Author: George Saunders
Primary Format: eBook, courtesy of NetGalley and Grand Central Publishing
Secondary Format: hardback (purchased from BOTM)
Start Date: February 10, 2017
End Date: March 7, 2017
Rating: 3 ½ to 4 stars
Mozasu couldn’t imagine being so quiet all the time; he would miss the bustle of the pachinko parlor. He loved all the moving pieces of his large, noisy business. His Presbyterian minister father had believed in a divine design, and Mozasu believed that life was like this game where the player could adjust the dials yet also expect the uncertainty of factors he couldn’t control. He understood why his customers wanted to play something that looked fixed but which also left room for randomness and hope.
Min Jin Lee’s Pachinko is a beautiful story of love and loss, spanning five generations.
It is the story of Sonja, a Korean girl left pregnant and alone, who flees to Japan with her new husband for a better life. In Japan, though, Koreans were met with distain from the locals. Not fully part of either country – neither able to become naturalized Japanese citizens nor able to go back to their home country – they lived a hard life with numerous trials and tribulations.
It was a poignant look at discrimination between two distinct cultures at a momentous time in history – covering the Japanese annexation of Korea in 1910; World War II from 1939-1945, and the Korean War from 1950-1953 – and what that meant for the innocent bystanders.
I really liked this story. It was long (weighing in at 490 pages), but well worth it. I felt like I got to know each of the characters (especially Sonja and her sons). I enjoyed watching them mature and learning how to make their way in the world – even as they dealt with being outsiders in different ways.
“Pachinko” plays a large role in the book (hence the title), though it might not be immediately obvious. Or maybe it wasn’t immediately obvious to me. I mean, the word “pachinko” isn’t even mentioned until about halfway through the book. Which makes sense, because up until that point, the author is setting the stage for the characters, letting them grow and develop.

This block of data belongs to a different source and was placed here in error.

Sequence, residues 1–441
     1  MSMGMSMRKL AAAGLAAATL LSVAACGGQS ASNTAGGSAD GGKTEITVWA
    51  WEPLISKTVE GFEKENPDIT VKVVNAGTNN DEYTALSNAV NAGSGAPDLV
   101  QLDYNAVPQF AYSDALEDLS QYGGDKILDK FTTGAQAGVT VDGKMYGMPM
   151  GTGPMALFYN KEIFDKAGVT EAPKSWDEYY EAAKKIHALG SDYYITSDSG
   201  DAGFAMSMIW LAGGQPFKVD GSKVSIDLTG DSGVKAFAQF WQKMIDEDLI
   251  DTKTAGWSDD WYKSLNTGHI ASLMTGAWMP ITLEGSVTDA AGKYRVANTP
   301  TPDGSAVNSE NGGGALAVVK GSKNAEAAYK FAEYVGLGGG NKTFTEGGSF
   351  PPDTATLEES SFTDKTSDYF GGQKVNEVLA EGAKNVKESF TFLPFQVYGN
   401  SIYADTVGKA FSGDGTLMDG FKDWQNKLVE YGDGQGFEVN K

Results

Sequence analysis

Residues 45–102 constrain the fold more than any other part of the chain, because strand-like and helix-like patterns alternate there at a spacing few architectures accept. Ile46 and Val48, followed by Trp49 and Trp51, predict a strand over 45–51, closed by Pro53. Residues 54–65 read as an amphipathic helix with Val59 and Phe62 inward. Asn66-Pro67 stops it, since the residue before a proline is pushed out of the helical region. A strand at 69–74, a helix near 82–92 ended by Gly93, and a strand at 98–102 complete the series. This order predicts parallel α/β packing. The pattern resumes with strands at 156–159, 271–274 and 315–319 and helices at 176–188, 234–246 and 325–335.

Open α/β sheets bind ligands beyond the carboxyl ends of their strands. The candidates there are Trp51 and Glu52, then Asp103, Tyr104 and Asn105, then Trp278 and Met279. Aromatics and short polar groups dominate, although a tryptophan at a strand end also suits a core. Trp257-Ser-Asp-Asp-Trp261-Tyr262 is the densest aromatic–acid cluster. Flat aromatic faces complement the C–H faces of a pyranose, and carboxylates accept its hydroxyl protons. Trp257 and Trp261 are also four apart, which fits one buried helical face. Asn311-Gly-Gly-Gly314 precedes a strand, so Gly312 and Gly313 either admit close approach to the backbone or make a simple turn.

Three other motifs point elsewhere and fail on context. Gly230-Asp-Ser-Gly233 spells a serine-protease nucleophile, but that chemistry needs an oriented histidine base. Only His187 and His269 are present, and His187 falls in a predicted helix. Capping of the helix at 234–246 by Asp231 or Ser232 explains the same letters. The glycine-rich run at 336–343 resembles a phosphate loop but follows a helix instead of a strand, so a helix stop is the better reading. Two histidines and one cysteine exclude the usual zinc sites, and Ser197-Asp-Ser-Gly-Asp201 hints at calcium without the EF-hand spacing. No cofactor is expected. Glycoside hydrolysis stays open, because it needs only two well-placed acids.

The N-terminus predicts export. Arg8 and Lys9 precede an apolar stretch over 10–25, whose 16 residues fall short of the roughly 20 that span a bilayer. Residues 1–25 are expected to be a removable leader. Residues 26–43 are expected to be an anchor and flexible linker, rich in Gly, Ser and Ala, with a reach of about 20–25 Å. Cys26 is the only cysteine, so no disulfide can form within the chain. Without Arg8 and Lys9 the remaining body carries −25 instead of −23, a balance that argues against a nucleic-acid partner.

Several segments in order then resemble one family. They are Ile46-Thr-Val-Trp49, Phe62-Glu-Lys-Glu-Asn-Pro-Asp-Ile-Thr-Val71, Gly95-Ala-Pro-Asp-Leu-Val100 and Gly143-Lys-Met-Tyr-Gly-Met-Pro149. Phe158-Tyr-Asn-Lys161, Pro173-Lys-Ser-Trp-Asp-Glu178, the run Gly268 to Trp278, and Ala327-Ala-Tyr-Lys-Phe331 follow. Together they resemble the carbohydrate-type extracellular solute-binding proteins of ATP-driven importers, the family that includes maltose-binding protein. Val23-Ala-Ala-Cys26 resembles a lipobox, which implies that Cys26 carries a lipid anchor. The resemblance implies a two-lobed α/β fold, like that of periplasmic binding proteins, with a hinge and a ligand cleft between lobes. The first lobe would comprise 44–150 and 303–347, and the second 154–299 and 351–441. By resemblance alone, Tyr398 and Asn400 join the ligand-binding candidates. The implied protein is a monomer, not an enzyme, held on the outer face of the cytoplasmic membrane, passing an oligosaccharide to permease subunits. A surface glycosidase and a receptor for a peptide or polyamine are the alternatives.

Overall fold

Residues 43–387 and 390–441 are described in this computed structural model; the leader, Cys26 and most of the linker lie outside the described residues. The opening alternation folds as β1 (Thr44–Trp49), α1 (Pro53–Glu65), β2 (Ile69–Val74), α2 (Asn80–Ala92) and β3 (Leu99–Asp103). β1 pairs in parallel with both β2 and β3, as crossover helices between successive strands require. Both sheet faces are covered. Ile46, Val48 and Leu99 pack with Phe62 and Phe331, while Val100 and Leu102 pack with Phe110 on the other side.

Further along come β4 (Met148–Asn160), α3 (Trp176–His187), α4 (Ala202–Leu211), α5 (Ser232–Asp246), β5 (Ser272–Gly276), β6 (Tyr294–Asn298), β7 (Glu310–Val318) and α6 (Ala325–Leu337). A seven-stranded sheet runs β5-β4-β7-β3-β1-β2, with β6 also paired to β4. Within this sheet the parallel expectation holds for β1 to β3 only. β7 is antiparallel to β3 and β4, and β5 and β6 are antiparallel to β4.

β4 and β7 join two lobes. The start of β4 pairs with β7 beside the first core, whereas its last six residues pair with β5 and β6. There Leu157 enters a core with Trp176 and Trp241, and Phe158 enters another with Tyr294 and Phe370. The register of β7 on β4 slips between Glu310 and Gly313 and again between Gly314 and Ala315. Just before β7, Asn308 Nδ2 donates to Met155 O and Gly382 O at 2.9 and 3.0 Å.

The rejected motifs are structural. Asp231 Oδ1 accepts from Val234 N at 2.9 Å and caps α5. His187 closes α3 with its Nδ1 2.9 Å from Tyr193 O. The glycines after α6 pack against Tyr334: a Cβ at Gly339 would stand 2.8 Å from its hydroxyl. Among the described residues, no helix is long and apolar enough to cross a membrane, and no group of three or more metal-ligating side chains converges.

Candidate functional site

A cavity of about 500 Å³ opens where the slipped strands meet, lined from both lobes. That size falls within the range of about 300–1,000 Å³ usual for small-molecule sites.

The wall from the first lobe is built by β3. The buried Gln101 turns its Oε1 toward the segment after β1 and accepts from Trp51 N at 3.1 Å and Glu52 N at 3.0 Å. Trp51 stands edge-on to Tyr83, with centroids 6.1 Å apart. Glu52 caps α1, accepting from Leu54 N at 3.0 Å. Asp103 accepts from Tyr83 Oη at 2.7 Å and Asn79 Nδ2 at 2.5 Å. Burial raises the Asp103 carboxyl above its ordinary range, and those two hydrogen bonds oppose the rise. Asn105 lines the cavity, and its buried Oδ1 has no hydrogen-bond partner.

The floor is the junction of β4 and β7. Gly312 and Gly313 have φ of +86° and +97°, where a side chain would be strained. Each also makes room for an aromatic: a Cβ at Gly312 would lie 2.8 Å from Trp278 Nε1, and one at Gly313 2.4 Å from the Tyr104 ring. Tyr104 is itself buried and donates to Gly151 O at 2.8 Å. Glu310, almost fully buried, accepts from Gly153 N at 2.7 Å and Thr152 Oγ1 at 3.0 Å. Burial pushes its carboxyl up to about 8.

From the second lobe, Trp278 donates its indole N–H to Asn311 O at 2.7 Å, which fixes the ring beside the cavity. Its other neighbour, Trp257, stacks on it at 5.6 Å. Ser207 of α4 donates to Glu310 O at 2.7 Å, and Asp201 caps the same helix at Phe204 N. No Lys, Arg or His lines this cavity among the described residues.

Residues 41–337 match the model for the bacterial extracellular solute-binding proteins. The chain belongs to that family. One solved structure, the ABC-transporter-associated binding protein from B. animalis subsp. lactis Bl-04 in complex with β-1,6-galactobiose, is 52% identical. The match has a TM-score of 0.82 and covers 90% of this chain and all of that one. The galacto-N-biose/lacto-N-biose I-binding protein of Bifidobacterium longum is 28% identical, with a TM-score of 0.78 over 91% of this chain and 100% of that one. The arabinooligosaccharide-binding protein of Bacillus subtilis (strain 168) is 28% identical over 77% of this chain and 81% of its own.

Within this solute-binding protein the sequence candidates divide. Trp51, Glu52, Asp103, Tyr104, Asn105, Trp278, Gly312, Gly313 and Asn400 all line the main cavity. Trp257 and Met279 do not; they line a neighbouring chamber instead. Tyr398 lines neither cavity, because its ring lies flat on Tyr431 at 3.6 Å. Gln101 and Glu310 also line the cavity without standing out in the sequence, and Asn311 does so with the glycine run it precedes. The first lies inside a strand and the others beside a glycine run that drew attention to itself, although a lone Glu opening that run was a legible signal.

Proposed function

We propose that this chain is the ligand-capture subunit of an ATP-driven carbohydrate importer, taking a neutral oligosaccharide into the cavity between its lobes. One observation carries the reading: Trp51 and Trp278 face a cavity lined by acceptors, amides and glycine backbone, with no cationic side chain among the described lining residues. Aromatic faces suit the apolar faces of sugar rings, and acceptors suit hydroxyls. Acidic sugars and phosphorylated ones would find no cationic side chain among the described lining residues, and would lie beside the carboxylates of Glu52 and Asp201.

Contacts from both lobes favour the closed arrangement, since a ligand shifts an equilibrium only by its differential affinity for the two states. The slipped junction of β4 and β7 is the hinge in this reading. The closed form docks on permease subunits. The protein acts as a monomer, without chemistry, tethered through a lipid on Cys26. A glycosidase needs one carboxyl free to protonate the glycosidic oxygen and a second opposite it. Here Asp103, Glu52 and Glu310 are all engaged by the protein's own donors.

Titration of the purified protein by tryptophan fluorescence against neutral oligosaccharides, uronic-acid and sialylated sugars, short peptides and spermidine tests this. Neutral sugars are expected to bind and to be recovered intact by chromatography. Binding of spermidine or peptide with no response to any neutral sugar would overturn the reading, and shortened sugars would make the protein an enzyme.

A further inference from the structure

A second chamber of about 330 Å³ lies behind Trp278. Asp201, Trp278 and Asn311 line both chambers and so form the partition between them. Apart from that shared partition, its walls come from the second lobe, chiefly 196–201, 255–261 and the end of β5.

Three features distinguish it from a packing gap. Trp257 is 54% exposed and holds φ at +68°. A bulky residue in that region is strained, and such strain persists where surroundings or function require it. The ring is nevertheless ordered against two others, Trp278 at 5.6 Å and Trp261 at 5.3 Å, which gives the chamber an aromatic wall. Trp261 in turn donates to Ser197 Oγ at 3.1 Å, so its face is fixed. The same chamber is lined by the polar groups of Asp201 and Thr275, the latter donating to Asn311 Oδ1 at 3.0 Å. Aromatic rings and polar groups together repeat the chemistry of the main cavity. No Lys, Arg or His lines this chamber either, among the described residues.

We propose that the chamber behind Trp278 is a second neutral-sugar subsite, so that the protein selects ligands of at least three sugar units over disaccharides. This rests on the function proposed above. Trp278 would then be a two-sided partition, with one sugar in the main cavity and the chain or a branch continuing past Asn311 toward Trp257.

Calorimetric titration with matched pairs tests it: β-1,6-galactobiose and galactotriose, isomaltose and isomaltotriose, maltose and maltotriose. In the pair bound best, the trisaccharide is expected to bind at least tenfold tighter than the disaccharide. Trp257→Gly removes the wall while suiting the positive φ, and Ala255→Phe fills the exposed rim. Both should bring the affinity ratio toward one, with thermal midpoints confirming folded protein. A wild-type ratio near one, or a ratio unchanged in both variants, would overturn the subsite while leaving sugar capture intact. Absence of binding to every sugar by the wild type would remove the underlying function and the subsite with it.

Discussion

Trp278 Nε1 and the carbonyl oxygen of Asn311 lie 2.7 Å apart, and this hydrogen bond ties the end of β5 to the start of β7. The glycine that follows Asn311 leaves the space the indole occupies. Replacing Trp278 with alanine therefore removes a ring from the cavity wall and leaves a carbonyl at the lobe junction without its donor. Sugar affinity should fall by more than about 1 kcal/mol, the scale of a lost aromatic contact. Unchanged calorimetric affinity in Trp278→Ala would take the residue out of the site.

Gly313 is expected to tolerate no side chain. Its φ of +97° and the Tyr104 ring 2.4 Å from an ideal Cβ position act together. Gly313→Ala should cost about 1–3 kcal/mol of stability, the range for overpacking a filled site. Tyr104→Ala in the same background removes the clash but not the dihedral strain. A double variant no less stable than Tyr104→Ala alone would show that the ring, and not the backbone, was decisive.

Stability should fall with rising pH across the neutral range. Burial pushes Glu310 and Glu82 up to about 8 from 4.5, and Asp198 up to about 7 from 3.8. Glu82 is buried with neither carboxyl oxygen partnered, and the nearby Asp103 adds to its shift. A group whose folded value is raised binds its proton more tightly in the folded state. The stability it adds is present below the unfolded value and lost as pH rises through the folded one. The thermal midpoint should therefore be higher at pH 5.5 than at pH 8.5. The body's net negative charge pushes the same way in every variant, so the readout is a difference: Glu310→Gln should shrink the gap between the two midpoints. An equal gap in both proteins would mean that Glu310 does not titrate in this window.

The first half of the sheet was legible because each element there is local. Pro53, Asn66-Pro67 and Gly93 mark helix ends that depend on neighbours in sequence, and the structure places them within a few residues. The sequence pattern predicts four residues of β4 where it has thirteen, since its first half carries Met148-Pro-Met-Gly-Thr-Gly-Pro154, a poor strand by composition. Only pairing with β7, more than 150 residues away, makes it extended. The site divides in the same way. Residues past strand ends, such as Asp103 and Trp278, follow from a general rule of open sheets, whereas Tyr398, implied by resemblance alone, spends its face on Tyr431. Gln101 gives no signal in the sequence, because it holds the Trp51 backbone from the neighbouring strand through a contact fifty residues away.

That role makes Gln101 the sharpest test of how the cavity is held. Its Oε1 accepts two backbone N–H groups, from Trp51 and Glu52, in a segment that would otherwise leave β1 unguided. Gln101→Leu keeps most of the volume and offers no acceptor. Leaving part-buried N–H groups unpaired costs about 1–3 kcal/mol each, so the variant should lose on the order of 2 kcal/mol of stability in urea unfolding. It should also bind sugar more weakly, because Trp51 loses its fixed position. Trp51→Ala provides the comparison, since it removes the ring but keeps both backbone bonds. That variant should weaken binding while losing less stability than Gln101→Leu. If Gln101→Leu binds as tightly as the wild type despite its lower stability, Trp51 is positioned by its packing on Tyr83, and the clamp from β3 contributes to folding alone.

But I digress.
Pachinko is a story about love and loss. But, ultimately, it’s a story about hope.
And yet, we played on, because we had hope that we might be the lucky ones. How could you get angry at the ones who wanted to be in the game? Etsuko had failed in this important way – she had not taught her children to hope, to believe in the perhaps-absurd possibility that they might win. Pachinko was a foolish game, but life was not.
Thank you to NetGalley and Grand Central Publishing for a copy of this eBook in exchange for an honest review!
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In “Acknowledgments,” after the conclusion, the author gave her thought process of how she came about writing this book.
As a senior in college in 1989, she attended a guest lecture series at Yale, where the speaker was giving a talk. She recounts her story below.
One afternoon, I attended what was then called a Master’s Tea, a guest lecture series at Yale. I’d never been to one before. An American missionary based in Japan was giving a talk about the “Zainichi,” a term used often to describe Korean Japanese people who were either migrants from the colonial era or their descendants. Some Koreans in Japan do not wish to be called Zainichi Korean because the term means literally “foreign resident staying in Japan,” which makes no sense since there are often third, fourth, and fifth surviving generations of Koreans in Japan. There are many ethnic Koreans who are now Japanese citizens, although this option to naturalize is not an easy one. There are also many who have intermarried with the Japanese or who have partially Korean heritage. Sadly, there is a long and troubled history of legal and social discrimination against the Koreans in Japan and those who have partial ethnic Korean backgrounds. There are some who never disclose their Korean heritage, although their ethnic identity may be traced to their identification papers and government records.…
I had the chance to interview dozens of Koreans in Japan and learned that I’d gotten the story wrong. The Korean Japanese may have been historical victims, but when I met them in person, none of them were as simple as that. I was so humbled by the breadth and complexity of the people I met in Japan.